Category Archives: Community involvement

Relevant Cities

By John Prevc

Cities need to keep pace with societal changes in order to ensure that they remain relevant for their inhabitants. This means designing flexible and adaptable cities where streets, spaces and buildings are able to slowly metamorphosize into places that resonate in their own time. Cities need to mature carefully, keeping the best and most significant markers of their culture and identity and hence preserving their individuality and essence.

We are unable to accurately guess where we will be even in the not-too-distant future. Keeping our cities relevant for the communities that inhabit them requires an understanding of the human condition and in particular our social and economic interdependence and our need to exchange information with each other. The human condition is consistent and universal, adapting to the context of place and time. Relevant cities are therefore a product of time and how we as humans interface with it.

Today’s relevant cities

Successful cities are cities that offer people opportunities to improve their lives. Whether it’s through an increase in employment opportunities, better housing, a well-established social infrastructure, a connected and well-maintained transport system or simply a cool place to be and hang out, it’s choice that’s the differentiator.

So how do successful cities optimise choice? We believe that one of the most significant factors is greater density. The exchange of information is at the heart of both economic and social success in the community. Through increased density connections are improved. Dense cities encourage social inclusion, foster business development, improve connections between members of the community and help to reinforce identity and a sense of place through design excellence.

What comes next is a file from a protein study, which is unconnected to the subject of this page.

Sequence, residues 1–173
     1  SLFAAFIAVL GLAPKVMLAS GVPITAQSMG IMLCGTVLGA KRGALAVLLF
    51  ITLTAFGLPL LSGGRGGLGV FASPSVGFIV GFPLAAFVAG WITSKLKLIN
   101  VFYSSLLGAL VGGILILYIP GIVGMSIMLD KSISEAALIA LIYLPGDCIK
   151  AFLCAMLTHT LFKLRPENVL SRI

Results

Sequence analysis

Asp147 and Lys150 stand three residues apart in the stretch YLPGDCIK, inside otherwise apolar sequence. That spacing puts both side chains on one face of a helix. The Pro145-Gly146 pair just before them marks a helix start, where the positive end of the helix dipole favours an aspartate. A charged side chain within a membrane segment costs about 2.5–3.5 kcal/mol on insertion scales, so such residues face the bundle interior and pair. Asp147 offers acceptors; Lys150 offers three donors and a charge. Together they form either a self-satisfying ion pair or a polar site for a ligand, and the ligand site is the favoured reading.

High density life

High density brings life to the city

How do we deliver design excellence within a high-density city location? Our starting point would be to ask the community what it is that they feel they need. Consulting with the community and broader stakeholders will make cities more relevant. The specifics of place and the maintenance of uniqueness is something that lives in those who experience the area on a day-to-day basis. It is when a community is asked to adopt a commercial or political vision imposed from those on the outside that relevance is lost.

We can no longer consider the family unit in the traditional way. We are a more mobile society, more often than not living away from our families as we follow work opportunities. We live on our own for much longer at both ends of our lives and the fear of isolation brings us closer to those living and working around us. Our city communities are an extended family and often bring more relevance to our lives than our own blood line.

These social changes, together with an escalation in property prices especially in London, suggest that homes need to become more affordable either through a policy of subsidy or/and the consideration of smaller homes for single person habitation. Smaller homes will not however help families with children. Families with children are finding it increasingly difficult to afford three and four bedroom homes. If we are to encourage whole life city living and a more balanced community we will need to build variety of size and tenure.

Cities with greater densities encourage people to walk and cycle as distances between destinations are reduced and more accessible. Improvements in health and wellbeing are tangible results of this, with all of the social, environmental and economic benefits that this brings. The reduction in the pace of movement increases opportunities for people to meet informally and exchange information. This improves social cohesion and has economic benefit. It also makes for a more vibrant and active public realm which is safer.